Mind of Jacka: Player Piano
Blogs Mike Jacka, CIA, CPA, CPCU, CLU Apr 14, 2022
In my last post, Mind of Jacka: What Would You Say…You Do Here? (theiia.org) I talked about the need for internal auditors to look closely at the specific tasks they perform with an eye to understanding if those tasks provide any real value. I went on to discuss that, in that analysis, we should be determining if automation could be used to completely eliminate those tasks. An important message within the post was that, if we did not do the analysis ourselves, others might do it for us and, in the process, find we aren't as necessary as we think we are.
If you looked closely, you may have noted some parallels between what was described and the work we already do. For example, the activity of looking for tasks which do not add value is similar to the work we are supposed to be doing with all our operational audits — looking for ways that work can be made more efficient and effective. And the solution for efficiency and effectiveness often comes from automation tools such as bots and RPA.
But there is another, maybe less obvious, parallel. I spoke about the fear of losing our jobs — of being automated out of work. However, do we realize that, in the work we do in the name of efficiency and effectiveness, we might be doing the same to others? Do we think about the ramifications of our making suggestions that may eliminate jobs?
And, as automation takes more of those tasks away and streamlines operations and eliminates the need for human intervention, what might be lost when the humans disappear?
In his first book, "Player Piano," Kurt Vonnegut describes a dystopian future where automation takes on more and more of the work done by humans. At first, this might feel more like utopia than dystopia. However, in this story the corporations have found ways for machines to do almost everything humans do. The inability to be a functioning part of processes that add value has left the population with nothing.
The title of the book refers to a player piano that appears throughout. There are lots of layers and themes within all this that I won't bore you with right now. I'll only note that the player piano represents the replacement of human beings with machines. And that image of the player piano speaks to what internal auditors need to recognize every time we throw in a piece of automation as a solution.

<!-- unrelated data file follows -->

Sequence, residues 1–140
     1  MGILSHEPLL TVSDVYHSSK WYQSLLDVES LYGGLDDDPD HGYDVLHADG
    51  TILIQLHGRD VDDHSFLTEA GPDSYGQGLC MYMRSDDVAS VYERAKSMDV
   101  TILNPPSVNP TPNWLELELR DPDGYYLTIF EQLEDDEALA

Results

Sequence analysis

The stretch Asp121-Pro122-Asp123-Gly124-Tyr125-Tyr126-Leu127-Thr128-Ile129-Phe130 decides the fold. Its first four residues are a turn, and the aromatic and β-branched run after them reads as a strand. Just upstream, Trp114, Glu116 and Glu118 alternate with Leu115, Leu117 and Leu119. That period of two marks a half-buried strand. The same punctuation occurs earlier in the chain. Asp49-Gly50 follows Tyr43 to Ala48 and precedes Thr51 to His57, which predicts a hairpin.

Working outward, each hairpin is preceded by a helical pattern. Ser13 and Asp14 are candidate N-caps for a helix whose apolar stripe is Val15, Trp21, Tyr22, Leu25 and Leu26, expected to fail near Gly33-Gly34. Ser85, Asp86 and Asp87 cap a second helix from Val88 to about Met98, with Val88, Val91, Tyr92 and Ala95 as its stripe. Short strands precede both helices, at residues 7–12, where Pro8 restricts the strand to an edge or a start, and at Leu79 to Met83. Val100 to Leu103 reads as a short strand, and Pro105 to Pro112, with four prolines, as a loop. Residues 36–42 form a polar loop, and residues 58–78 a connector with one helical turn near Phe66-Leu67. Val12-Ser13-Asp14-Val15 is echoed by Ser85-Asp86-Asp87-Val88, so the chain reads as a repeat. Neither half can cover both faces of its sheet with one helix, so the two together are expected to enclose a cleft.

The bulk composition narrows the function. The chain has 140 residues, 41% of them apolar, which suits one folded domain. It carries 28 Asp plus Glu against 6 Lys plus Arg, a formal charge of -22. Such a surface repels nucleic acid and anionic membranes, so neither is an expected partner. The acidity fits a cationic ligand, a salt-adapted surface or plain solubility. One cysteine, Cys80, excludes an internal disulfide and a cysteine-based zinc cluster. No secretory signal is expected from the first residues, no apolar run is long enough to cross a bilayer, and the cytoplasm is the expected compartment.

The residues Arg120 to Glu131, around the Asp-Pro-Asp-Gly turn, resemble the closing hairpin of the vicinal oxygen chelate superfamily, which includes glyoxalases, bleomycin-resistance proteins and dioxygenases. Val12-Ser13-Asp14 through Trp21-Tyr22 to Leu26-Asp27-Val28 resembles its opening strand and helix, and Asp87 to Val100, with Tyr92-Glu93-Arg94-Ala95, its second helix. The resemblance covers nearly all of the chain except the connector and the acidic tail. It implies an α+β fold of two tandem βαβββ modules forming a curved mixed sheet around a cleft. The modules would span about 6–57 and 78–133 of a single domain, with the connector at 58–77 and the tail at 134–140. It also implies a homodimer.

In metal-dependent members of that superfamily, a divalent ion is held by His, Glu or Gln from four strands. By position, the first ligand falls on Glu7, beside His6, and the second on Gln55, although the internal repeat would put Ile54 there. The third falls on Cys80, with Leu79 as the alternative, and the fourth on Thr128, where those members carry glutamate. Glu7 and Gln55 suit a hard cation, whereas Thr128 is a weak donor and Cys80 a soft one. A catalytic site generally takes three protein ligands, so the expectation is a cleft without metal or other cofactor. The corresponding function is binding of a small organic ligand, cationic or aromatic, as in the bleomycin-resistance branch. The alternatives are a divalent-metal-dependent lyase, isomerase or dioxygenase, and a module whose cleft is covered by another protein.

Player pianos have been around since the beginning of the 20th century. Originally controlled by rolls of paper with holes causing certain notes to be played, the newest models are run by computers that perfectly imitate the inflection and touch of a human player. You may have seen these recent models in hotel lobbies or similar locations which desired a certain "atmosphere," the computers working through the instrument to perform a perfect, but ghostly, replication of the human artist.
So, if current technology makes the computer's playing indistinguishable from a human interacting with the piano keys, why do we still have so many people playing pianos and so few player pianos out in the world?
Because it is not the same and, somehow, we can feel a difference.
There is something a human being brings to the task of playing the piano. Part of it is the kinetic motion of the human. Part of it is hearing something different, each new performance adding a nuance (even if only to a single note.) Part of it is the errors and mistakes that make the piece of music alive. Part of it is that a human can react to situations — temperature, ambiance, crowd interaction — that a computer can't handle. And part of it is the intangibleness of what being human is really all about.
And that is what we internal auditors, as we slice and dice our way through processes, must remember. It is easy to streamline and make more efficient and take out the element of human error and ensure everything runs more perfectly, more smoothly, and more successfully. But before you swing that sickle, take a good, hard look at what a human might be adding to that process, task, or step.
There is something a human being brings to every task. And, while it could be that that such humanness is not necessary in every single instance, it is worth taking the time to ensure that something —some special thing — is not being lost when a human is removed from the equation.
I will also add that, in most of the work I've done with process analysis, I have seen enthusiastic participation by those that are a part of the process — by those whose work will be impacted. And that may be a crucial point. Make sure the humans are involved in determining when a human should not be involved anymore.
There is another troubling issue in all this — an important point that was made in Vonnegut's book and something I alluded to earlier. As we cut, slice, and dice, what are the ethical considerations if we are making suggestions that negatively impact the jobs of individuals? In particular, do we need to take responsibility when people are let go?
That is a thorny question, one I'm not going to take on right now. (In fact, you may never see me take it on in these pages.) It is a question that is easy to dismiss — to feel that it isn't our problem. But I think it is a question each of us needs to explore more deeply because it speaks to our own humanity.
I'll leave it to you to determine if the tasks you complete add any value. And I'll leave it to you to ensure that you do not pull the humanity out of work when it is automated. And I'll leave it to you to decide your responsibility to those whose lives you change.
The ball's in your court now.